An American Dramaturg in Armenia

Reflections on a 5-month sojourn as a Fulbright Scholar to the Yerevan Institute for Cinematography and Theatre

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artistic director of Active Cultures, the Vernacular Theatre of Maryland

Friday, January 06, 2006

Death masks in Gyumri


Armenia's second largest city is Gyumri. Located on the Turkish border ,within sight of the ancient Armenian center of Ani, the city was devastated 16 years ago by a major earthquake. Today, thanks to international efforts, it has largely been rebuilt. It is now a town of wide boulevards, stylish new apartment buildings and a well-kept historic district.

People from Gyumri are known for their artistry and (often grim) sense of humor. One example of the two is the S. Merkurov house museum which celebrates the work of the Soviet-era Armenian sculptor. The bulk of the museum is dedicated to casts of the wax death masques of famous people. Merkurov used the masques as a basis for many of his sculptures. I was intrigued by the death mask of Vladimir Mayakovsky (the author of the play THE BEDBUG and a suicide while in his thirties) in which he appeared to be healthy, happy and strangely beautiful. More gruesome was the death mask of a man who died of throat cancer.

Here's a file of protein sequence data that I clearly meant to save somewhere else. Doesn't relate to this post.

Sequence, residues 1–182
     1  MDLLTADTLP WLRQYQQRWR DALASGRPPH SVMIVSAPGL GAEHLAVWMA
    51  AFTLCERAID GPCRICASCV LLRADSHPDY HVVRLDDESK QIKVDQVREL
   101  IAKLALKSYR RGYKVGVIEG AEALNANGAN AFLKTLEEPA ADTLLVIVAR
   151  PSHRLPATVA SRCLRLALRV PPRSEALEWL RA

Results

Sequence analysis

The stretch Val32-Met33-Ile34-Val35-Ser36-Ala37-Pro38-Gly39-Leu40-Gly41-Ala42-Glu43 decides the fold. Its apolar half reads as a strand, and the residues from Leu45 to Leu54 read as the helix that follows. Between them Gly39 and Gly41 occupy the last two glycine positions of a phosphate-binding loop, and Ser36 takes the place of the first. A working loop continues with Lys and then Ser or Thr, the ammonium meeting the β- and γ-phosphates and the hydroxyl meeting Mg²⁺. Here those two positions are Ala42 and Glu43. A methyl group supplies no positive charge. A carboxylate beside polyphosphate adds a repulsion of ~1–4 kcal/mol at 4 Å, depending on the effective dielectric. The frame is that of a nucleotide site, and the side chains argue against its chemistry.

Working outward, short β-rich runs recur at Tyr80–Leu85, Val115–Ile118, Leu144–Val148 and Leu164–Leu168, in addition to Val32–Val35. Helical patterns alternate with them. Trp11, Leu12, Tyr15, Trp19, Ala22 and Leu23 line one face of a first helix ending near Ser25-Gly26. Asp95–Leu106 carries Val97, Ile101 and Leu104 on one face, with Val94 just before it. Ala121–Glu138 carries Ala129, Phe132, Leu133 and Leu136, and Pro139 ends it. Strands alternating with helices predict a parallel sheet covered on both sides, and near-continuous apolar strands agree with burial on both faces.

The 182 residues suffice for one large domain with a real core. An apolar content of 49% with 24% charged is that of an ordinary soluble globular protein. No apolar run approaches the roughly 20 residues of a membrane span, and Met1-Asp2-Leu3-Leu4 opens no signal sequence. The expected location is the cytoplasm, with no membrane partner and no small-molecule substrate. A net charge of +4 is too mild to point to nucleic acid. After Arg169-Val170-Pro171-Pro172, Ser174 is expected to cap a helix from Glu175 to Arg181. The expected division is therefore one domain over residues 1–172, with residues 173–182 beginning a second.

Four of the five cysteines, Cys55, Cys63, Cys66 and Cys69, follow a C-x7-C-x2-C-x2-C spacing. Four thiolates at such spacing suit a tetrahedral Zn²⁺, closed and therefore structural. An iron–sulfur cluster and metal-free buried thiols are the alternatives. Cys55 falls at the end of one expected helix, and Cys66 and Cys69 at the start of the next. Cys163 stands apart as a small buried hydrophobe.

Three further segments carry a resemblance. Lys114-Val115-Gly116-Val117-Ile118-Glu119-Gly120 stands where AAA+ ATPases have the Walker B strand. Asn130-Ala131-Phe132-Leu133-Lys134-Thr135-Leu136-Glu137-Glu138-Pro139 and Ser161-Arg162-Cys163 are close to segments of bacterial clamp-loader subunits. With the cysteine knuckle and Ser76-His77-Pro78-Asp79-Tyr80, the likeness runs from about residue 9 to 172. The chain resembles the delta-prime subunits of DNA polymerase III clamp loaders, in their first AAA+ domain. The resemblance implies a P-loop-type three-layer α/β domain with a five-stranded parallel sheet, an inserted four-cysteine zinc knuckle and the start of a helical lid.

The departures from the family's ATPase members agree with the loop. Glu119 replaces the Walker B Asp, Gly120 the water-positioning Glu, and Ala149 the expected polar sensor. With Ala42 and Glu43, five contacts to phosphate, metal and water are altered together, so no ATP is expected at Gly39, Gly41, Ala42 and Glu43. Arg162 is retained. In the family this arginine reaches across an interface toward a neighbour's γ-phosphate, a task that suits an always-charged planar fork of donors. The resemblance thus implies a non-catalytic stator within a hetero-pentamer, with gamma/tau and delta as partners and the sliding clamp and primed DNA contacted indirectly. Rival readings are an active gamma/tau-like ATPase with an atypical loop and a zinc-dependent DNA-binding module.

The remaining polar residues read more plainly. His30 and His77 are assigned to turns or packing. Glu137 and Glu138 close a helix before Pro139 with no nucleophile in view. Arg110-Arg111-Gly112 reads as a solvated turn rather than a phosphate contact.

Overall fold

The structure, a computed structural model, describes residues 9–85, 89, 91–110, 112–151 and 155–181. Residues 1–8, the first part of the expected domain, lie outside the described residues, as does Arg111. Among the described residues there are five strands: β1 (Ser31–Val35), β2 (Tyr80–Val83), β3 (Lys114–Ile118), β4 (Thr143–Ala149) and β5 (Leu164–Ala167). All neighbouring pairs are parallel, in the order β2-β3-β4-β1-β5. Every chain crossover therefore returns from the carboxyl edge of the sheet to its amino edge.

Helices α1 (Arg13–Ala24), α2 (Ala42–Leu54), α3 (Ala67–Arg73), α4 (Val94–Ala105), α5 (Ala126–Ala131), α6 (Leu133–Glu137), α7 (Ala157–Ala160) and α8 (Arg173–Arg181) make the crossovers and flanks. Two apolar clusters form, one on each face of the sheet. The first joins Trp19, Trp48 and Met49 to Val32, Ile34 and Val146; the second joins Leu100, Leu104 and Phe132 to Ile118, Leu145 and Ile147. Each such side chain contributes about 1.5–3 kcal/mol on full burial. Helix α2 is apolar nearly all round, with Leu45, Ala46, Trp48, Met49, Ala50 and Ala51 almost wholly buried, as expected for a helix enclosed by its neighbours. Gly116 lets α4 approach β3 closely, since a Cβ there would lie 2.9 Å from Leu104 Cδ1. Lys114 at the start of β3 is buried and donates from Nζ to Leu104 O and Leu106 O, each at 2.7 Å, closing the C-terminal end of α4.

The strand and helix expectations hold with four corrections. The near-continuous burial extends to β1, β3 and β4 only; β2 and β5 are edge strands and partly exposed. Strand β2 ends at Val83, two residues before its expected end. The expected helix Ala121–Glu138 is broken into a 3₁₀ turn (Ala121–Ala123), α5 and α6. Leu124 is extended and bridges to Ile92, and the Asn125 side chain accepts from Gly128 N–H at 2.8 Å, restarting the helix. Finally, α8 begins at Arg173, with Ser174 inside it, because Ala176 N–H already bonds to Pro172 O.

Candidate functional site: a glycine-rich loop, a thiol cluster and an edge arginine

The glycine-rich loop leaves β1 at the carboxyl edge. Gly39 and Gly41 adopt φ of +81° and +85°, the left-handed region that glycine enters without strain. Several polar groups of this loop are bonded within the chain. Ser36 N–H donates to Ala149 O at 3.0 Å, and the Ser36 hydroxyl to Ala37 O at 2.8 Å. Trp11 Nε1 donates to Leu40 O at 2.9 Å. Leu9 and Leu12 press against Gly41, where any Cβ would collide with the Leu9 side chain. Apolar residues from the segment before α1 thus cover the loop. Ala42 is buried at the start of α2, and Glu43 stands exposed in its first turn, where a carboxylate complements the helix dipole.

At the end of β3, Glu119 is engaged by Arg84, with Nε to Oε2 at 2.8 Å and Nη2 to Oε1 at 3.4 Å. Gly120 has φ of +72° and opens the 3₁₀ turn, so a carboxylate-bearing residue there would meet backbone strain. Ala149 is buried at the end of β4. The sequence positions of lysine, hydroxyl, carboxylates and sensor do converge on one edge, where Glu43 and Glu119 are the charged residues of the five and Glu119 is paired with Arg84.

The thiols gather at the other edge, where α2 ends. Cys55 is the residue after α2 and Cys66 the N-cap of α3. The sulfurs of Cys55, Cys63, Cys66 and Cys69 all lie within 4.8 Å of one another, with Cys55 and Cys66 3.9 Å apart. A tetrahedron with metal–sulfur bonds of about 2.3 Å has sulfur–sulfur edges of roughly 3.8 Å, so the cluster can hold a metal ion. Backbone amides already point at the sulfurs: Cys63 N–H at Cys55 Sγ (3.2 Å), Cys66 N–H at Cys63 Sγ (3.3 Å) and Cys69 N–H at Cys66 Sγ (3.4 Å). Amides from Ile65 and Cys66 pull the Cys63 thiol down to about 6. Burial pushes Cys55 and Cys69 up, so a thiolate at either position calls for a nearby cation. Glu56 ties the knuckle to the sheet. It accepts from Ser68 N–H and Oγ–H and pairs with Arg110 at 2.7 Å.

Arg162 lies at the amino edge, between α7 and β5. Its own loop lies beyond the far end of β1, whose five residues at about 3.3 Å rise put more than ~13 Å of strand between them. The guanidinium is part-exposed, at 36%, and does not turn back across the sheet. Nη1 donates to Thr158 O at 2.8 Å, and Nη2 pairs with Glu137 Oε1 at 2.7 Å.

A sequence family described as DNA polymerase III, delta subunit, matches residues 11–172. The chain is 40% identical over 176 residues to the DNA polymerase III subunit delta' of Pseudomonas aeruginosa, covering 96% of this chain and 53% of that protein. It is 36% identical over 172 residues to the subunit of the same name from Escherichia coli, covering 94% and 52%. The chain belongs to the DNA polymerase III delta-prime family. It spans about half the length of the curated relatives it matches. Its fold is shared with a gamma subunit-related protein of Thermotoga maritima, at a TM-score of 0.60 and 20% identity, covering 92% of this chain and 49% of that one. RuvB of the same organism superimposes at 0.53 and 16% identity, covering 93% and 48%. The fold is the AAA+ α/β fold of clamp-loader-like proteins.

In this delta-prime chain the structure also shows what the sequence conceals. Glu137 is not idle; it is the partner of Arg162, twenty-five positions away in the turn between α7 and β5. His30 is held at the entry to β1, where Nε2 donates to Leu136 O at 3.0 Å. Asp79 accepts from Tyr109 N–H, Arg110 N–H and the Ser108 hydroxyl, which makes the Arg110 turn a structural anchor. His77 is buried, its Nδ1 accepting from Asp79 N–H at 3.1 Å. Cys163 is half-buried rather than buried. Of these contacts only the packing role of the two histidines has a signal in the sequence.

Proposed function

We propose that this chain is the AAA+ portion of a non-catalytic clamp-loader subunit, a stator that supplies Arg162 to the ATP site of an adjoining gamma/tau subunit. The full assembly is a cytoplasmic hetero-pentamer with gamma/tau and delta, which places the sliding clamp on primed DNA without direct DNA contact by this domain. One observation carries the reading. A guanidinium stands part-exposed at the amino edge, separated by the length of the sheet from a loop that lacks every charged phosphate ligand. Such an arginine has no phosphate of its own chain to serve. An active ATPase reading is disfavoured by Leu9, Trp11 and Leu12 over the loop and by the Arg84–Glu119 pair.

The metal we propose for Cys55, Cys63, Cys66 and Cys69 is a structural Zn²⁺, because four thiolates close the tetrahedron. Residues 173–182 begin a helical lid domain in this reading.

Gyumri is also the hometown of famous Armenian folk comedian Poloz Mukuch. Apparently, whenever you say his name, you must tell three jokes or funny stories. We ate at a restaurant named in his honor and had a lively meal, filled with silliness.

1 Comments:

Anonymous Anton Merkurov said...

Thanks!

5:50 AM  

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